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Issue 3. January 2022

Content 

 Introduction

Dominic Tate, Head of Library Research Support




Dominic Tate,
Head of Library Research Support



Welcome to the January 2022 edition of the Open Research Newsletter! This year promises to be an exciting one for Open Research, with lots of positive changes imminent. This month, the University adopts its new Research Data Management Policy, which does much more to encourage FAIR data, in line with funder expectations. From April, the new UKRI Open Access Policy comes into effect, meaning that journal articles and conference proceedings will need to be made Open Access immediately on publication, in line with Plan S.  
 
Here in Library Research Support, during 2022 we will seek to increase our capacity to support the University’s transition to Open Research. We will run new events, such as the Open Research Conference planned for the Summer; we will increase the capacity in our training programme and build capacity on our services to support staff and students across the University. We will continue to measure our progress against the University’s Open Research Roadmap with the aim of co-ordinating activity to support the cultural change required to capitalise on Open Research and the benefits it brings.     
 
The pandemic has brought the importance of Open Research into focus in several ways. It has shown the importance of speed in scholarly communications and demonstrated that Open Research is now, for the most part, an essential part of the research process. At a time when public confidence in science can be fragile, Open Science offers us a way to build trust in research institutions and researchers. I think 2022 will be an exciting year for us all! 

If there is any Open Research activity happening in your area that you would like to see featured in future issues please send the details to the Editor, Kerry Miller (kerry.miller@ed.ac.uk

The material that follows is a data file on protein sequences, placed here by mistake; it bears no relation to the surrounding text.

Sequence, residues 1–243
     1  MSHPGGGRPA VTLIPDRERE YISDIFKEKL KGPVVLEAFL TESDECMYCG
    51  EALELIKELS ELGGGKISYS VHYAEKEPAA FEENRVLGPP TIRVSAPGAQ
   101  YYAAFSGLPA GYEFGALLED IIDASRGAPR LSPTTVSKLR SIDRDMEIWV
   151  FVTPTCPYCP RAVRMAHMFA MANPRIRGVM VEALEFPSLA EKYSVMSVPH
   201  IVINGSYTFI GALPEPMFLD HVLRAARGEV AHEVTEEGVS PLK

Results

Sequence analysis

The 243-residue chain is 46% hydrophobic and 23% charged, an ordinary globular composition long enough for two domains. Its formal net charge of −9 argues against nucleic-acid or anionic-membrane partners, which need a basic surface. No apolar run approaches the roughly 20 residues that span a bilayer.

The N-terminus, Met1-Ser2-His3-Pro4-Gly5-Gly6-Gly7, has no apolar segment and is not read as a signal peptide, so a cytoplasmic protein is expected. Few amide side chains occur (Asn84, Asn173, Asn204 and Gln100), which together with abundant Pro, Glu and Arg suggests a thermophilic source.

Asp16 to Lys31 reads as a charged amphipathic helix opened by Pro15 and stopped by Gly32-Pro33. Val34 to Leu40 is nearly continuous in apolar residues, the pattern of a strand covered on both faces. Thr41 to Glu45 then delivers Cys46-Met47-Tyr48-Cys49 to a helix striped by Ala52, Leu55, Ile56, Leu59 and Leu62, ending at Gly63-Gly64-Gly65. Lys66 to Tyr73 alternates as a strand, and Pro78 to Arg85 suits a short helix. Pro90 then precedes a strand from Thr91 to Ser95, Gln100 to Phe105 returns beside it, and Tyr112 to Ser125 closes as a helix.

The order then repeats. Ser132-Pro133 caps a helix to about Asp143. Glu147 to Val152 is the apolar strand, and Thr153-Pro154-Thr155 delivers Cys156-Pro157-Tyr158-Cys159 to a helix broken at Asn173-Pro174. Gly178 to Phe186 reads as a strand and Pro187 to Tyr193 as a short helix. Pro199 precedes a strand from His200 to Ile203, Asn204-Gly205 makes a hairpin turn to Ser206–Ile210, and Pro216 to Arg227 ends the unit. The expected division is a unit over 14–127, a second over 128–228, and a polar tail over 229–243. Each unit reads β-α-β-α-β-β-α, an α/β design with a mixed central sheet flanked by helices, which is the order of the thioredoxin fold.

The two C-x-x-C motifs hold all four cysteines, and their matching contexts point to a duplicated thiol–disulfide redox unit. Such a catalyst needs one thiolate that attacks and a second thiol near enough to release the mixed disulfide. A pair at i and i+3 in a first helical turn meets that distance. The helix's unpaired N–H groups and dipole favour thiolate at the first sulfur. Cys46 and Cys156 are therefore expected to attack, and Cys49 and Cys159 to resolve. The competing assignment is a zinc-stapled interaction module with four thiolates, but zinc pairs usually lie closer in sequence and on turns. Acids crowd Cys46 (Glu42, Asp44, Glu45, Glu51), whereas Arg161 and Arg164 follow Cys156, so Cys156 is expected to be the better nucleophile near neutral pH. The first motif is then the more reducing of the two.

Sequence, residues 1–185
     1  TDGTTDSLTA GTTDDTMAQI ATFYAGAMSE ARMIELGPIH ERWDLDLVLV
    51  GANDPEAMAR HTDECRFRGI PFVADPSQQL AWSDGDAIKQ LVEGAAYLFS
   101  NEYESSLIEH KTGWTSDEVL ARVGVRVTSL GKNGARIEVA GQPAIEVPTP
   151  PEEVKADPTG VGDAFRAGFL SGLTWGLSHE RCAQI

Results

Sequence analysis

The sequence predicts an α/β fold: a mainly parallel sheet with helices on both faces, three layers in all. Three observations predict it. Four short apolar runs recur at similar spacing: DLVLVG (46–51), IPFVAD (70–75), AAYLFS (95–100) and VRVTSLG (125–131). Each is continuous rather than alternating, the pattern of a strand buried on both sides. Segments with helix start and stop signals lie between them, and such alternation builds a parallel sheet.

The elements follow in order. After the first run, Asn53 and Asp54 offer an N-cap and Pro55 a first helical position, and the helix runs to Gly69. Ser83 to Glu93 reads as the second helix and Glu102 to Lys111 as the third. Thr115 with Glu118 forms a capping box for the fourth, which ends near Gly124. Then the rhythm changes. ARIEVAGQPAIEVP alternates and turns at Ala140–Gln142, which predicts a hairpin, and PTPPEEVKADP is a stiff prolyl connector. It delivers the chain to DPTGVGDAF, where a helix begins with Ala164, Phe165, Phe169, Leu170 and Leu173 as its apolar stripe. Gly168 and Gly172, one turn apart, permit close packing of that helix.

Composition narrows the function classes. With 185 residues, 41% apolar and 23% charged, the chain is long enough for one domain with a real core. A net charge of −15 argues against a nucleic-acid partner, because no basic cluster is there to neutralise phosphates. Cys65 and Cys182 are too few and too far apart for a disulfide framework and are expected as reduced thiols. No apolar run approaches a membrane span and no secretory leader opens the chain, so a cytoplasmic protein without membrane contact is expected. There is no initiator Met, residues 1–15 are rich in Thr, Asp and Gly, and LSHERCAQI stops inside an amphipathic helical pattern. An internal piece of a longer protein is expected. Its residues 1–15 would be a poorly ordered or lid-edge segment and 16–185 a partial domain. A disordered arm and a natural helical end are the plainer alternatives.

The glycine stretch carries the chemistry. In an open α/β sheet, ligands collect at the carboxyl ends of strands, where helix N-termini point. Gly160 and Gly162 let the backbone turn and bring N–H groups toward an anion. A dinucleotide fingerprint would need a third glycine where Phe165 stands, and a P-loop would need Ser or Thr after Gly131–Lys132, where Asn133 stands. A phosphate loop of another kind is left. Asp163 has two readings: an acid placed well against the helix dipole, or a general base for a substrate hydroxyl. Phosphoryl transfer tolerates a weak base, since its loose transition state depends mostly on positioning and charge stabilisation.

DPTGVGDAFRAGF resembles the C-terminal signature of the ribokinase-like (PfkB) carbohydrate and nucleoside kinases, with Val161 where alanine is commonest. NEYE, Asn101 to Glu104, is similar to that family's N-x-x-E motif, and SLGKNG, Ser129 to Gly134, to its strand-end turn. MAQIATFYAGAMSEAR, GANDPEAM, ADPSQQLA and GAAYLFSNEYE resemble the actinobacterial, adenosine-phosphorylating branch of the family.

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Interview: Citizen Science at Edinburgh University


Portrait photo of Eugenia Rodrigues



  An interview with Eugénia Rodrigues ,
  Lecturer in Science, Technology and Innovation Studies
  by Pauline Ward



Q: Could you introduce yourself to the readers? 
My name is Eugénia Rodrigues. I am a social scientist. I trained as a sociologist all the way through my undergrad through to PhD. I work in STIS, the Science, Technology and Innovation Studies subject area, located in the School of Social and Political Science. Within that group I try to merge STS and environmental sociology, this being a long-standing interest on my part. Slowly but surely through my work I’ve developed an interest in science, knowledge-making, public participation and also to a certain degree policy-making. I apply the Science and Technology Studies outlook to environmental topics, that’s my main research area.  

Q: How do you see Citizen Science in relation to other aspects of Open Science? 
Citizen Science has just developed and changed incredibly in the last few decades. And there’s no doubt new technologies have had a determining role in its developing. If you think of Open Science as a kind of access issue, I think Citizen Science has a clear role in that. There’s also the issue of open research data, the extent to which researchers have access to research databases and so on and the extent they can benefit from that.